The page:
nion with the immortal spirits of the past, or by ennobling anticipations, consolation for the weariness and gloom of the present. Occasionally, too, in such decayed cities, the stranger meets with those who, cut off from political advantages, and possessed of wealth, have devoted themselves to the pursuits of taste, and their palaces and gardens amply repay a visit. Such is the case with the eccentric Rusprici, one of the Ravenese nobility, whose gallery contains many valuable and interesting productions of art.

At an angle of one of the by-streets of Ravenna, is a small building by no means striking, either as regards its architecture or decorations. It is fronted by a gate of open iron-work, surmounted by a cardinal's hat-indicating that the structure was raised or renovated by some church dignitary, a class who appear invariably scrupulous to memorialize, by inscriptions and emblems, whatever public work they see fit to promote. A stranger might pass this little edifice unheeded, standing as it does at a lonely corner, and wearing an aspect of neglect; but as the eye glances through the railing of the portal, it instinctively rests upon a small and time-stained bas relief, fixed in the opposite wall, representing that sad, stern, and emaciated countenance, which, in the form of busts, engravings, frescos, and portraits, haunts the traveller in every part of Italy. It is a face so strongly marked with the sorrow of a noble and ideal mind, that there is no need of the laurel wreath upon the head, to assure us that we look upon the lineaments of a poet. And who could fail to stay his feet, and still the current of his wandering thoughts to a deeper flow, when he reads upon the entablature of the little temple, 'Sepulchrum Dantis Poeta? It is not necessary that one should have solved the mysteries of the Divina Commedia, in order to feel the solemn interest which attaches to the spot where the bones of its author repose. It is enough to know that we are standing by the tomb of a man who, in early boyhood, loved; and cherished the deep affection then born, after its object was removed from the world, through a life of the greatest vicissitude, danger, and grief, making it a fountain of poetic inspiration, and a golden link which bound him to the world of spirits; a quenchless sentiment, whose intensity vivified and hallowed existence. It is sufficient to remember, that we are near the ashes of a man who proved himself a patriot, and when made the victim of political faction, and banished from his home, wrapped himself in the mantle of silent endurance, and suffered with a dignified heroism, that challenges universal sympathy and respect. It is sufficient to reflect, that they who had persecuted the gifted Florentine when living, have long vainly petitioned those among whom he died, for the privilege of transporting his revered remains to the rich monument prepared for them; and that a permanent professorship to elucidate his immortal poem is founded by the very city from which he was ignobly spurned. It is enough, that we see before us the sepulchre of a man who had the intellect and courage to think beyond and above his age; who revived into pristine beauty a splendid but desecrated language; who fully vindicated his title to the character of a statesman, a soldier, and a poet; and in a warlike and violent age, had the magnanimity to conceive, and the genius to create, an imperishable monument of intellectual revenge.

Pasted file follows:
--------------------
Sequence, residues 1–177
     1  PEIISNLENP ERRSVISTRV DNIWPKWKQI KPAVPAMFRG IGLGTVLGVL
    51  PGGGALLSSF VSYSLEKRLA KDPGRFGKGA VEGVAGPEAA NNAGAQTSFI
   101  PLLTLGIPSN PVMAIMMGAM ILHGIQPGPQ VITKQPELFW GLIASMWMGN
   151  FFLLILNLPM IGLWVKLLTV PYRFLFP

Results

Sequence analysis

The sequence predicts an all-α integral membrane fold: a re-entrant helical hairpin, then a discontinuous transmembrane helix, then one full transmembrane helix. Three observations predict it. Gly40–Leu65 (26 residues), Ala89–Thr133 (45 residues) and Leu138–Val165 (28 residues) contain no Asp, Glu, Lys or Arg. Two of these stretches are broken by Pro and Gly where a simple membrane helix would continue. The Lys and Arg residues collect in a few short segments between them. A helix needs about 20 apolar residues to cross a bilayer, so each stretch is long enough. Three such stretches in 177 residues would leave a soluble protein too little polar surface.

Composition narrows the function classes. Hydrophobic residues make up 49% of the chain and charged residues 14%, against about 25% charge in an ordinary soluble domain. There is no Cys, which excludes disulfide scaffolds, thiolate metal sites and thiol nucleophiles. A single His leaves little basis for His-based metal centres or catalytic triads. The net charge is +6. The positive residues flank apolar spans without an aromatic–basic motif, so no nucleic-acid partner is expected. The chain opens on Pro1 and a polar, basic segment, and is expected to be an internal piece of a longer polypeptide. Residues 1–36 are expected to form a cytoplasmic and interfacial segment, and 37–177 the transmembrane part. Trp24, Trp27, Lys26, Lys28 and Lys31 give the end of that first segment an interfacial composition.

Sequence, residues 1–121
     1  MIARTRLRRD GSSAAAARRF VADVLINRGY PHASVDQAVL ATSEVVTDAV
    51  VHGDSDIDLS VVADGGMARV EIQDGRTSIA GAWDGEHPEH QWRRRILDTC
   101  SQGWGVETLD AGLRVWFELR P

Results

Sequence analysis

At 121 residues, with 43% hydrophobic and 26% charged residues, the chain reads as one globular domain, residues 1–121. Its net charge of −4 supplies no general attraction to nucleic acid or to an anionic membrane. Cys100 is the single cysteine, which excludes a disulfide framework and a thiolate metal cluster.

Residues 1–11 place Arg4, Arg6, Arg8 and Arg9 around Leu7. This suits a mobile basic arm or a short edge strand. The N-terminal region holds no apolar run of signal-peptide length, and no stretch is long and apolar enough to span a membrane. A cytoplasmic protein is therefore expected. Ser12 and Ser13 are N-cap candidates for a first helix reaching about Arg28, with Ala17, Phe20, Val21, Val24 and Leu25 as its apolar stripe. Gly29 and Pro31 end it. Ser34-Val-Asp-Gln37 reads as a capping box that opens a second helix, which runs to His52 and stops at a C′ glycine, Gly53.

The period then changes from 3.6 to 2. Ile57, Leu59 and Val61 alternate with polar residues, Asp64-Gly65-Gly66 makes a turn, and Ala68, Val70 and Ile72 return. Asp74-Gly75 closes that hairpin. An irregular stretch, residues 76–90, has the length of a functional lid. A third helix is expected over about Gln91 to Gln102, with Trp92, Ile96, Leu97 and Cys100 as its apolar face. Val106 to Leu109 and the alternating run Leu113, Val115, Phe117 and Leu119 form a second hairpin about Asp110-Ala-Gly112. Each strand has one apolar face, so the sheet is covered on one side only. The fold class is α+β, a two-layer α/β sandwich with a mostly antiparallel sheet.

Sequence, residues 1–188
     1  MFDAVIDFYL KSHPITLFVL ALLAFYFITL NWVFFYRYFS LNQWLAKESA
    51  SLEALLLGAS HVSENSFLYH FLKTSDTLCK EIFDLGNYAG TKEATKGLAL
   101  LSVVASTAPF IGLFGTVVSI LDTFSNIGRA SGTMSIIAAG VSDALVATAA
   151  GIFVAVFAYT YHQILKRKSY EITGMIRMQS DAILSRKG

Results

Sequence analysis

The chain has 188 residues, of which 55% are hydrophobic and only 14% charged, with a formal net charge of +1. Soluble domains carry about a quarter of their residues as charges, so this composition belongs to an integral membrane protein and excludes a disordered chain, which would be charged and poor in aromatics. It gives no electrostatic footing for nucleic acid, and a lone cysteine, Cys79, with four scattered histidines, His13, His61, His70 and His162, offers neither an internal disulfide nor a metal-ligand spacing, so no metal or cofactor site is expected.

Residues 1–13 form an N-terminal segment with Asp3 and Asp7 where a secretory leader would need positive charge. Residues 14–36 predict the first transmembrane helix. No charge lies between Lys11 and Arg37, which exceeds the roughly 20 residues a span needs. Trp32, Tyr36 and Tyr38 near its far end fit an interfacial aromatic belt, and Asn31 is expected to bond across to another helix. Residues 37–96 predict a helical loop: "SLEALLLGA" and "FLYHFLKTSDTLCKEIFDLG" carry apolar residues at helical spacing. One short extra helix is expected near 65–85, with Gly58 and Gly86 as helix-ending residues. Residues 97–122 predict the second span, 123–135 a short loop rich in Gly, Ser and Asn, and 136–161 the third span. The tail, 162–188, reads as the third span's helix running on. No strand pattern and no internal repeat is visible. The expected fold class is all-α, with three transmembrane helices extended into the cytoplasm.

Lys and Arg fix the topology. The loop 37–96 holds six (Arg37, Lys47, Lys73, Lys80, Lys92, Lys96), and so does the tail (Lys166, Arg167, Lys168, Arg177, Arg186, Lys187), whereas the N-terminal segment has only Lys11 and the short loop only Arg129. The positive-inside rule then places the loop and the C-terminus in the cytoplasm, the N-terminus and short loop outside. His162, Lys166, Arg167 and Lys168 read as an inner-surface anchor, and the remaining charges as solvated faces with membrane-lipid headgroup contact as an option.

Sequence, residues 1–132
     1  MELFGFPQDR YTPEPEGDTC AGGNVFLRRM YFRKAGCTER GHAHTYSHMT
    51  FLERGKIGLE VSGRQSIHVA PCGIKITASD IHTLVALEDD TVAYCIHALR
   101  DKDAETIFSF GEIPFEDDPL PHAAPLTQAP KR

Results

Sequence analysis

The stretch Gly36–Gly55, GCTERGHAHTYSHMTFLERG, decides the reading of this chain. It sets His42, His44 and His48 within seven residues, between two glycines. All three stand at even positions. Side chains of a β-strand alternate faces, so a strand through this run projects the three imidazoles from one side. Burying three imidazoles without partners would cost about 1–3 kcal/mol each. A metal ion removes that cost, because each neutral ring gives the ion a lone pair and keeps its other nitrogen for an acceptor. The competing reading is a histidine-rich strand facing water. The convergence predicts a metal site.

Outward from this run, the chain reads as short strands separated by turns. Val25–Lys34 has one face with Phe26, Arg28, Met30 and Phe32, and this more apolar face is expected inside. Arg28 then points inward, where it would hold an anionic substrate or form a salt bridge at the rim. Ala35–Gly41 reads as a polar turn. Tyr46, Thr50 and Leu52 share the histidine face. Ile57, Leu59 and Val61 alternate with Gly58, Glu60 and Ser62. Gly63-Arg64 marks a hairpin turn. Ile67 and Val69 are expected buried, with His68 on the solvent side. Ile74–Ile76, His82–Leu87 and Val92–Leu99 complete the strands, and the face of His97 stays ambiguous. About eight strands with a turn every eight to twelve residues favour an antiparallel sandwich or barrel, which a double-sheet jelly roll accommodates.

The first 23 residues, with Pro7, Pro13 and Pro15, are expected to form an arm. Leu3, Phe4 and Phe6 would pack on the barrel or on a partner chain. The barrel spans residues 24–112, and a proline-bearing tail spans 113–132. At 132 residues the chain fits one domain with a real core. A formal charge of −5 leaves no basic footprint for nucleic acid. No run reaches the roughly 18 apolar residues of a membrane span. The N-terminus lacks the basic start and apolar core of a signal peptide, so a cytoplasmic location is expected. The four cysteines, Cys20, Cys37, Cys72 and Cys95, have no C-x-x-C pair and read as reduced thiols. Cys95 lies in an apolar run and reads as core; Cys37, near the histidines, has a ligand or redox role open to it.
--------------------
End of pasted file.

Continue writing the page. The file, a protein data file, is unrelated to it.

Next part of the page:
H. T. T.